Sprawling Mayan network discovered under Guatemala jungle

Researchers have found more than 60,000 hidden Mayan ruins in Guatemala in a major archaeological breakthrough.

Laser technology was used to survey digitally beneath the forest canopy, revealing houses, palaces, elevated highways, and defensive fortifications.

The landscape, near already-known Mayan cities, is thought to have been home to millions more Mayans than other research had previously suggested.

The researchers mapped over 810 square miles (2,100 sq km) in northern Peten.

Archaeologists believe the cutting-edge technology will change the way the world will see Mayans’ ancient civilisation.

“I think this is one of the greatest advances in over 150 years of Maya archaeology,” said Stephen Houston, Professor of Archaeology and Anthropology at Brown University.

Mr Houston told the BBC that after decades of work in the archaeological field, he found the magnitude of the recent survey “breathtaking”. He added, “I know it sounds hyperbolic but when I saw the [Lidar] imagery, it did bring tears to my eyes.”

A Lidar image showing hundreds of previously unseen structures.Image copyrightWILD BLUE MEDIA/CHANNEL 4
Image captionMost structures are believed to be stone platforms for pole-and-thatch homes

Results from the research using Lidar technology, which is short for “light detection and ranging”, suggest that Central America supported an advanced civilisation more akin to sophisticated cultures like ancient Greece or China.

“Everything is turned on its head,” Ithaca College archaeologist Thomas Garrison told the BBC.

He believes the scale and population density has been “grossly underestimated and could in fact be three or four times greater than previously thought”.


How does Lidar work?

Described as “magic” by some archaeologists, Lidar unveils archaeological finds almost invisible to the naked eye, especially in the tropics.

  • It is a sophisticated remote sensing technology that uses laser light to densely sample the surface of the earth
  • Millions of laser pulses every four seconds are beamed at the ground from a plane or helicopter
  • The wavelengths are measured as they bounce back, which is not unlike how bats use sonar to hunt
  • The highly accurate measurements are then used to produce a detailed three-dimensional image of the ground surface topography

Revolutionary treasure map

The group of scholars who worked on this project used Lidar to digitally remove the dense tree canopy to create a 3D map of what is really under the surface of the now-uninhabited Guatemalan rainforest.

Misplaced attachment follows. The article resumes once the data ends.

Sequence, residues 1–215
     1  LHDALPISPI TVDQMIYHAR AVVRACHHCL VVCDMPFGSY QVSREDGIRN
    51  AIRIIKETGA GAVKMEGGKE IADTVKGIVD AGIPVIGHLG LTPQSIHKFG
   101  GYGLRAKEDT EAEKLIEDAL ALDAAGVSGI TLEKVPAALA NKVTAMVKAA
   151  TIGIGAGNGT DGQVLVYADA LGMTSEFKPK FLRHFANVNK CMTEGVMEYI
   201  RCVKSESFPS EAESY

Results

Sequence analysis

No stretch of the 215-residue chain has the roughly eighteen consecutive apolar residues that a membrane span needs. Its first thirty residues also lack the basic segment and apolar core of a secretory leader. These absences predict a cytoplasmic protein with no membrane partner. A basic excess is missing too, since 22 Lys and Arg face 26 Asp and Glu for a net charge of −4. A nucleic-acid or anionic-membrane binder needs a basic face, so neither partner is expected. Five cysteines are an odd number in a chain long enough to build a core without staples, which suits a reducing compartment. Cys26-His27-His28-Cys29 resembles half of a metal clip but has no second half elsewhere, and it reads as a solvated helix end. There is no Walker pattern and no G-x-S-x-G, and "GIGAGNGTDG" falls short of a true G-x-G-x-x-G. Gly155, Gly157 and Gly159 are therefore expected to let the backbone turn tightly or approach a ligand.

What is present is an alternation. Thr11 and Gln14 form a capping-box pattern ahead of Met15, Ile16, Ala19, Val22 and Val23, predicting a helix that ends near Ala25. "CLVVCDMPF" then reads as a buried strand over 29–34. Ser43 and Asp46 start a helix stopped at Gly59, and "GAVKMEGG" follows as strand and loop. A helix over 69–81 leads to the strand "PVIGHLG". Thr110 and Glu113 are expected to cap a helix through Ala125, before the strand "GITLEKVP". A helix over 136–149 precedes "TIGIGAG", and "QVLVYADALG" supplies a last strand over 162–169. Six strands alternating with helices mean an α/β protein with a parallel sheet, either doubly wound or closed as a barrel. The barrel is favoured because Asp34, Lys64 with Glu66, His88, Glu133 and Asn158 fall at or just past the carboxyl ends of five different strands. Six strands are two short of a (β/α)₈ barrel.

Lidar is revolutionising archaeology the way the Hubble Space Telescope revolutionised astronomy,” Francisco Estrada-Belli, a Tulane University archaeologist, told National Geographic. “We’ll need 100 years to go through all [the data] and really understand what we’re seeing.”

Three surveyors looks at a large digital screen showing a Lidar image of a Mayan city.Image copyrightWILD BLUE MEDIA/CHANNEL 4
Image captionThe Lidar images have surprised surveyors

Archaeologists excavating a Maya site called El Zotz in northern Guatemala, painstakingly mapped the landscape for years. But the Lidar survey revealed kilometres of fortification wall that the team had never noticed before.

“Maybe, eventually, we would have gotten to this hilltop where this fortress is, but I was within about 150 feet of it in 2010 and didn’t see anything,” Mr Garrison told Live Science.

While Lidar imagery has saved archaeologists years of on-the-ground searching, the BBC was told that it also presents a problem.

“The tricky thing about Lidar is that it gives us an image of 3,000 years of Mayan civilisation in the area, compressed,” explained Mr Garrison, who is part of a consortium of archaeologists involved in the recent survey.

“It’s a great problem to have though, because it gives us new challenges as we learn more about the Maya.”

In recent years Lidar technology has also been used to reveal previously hidden cities near the iconic ancient temple of Angkor Wat in Cambodia.

 

BBC.com

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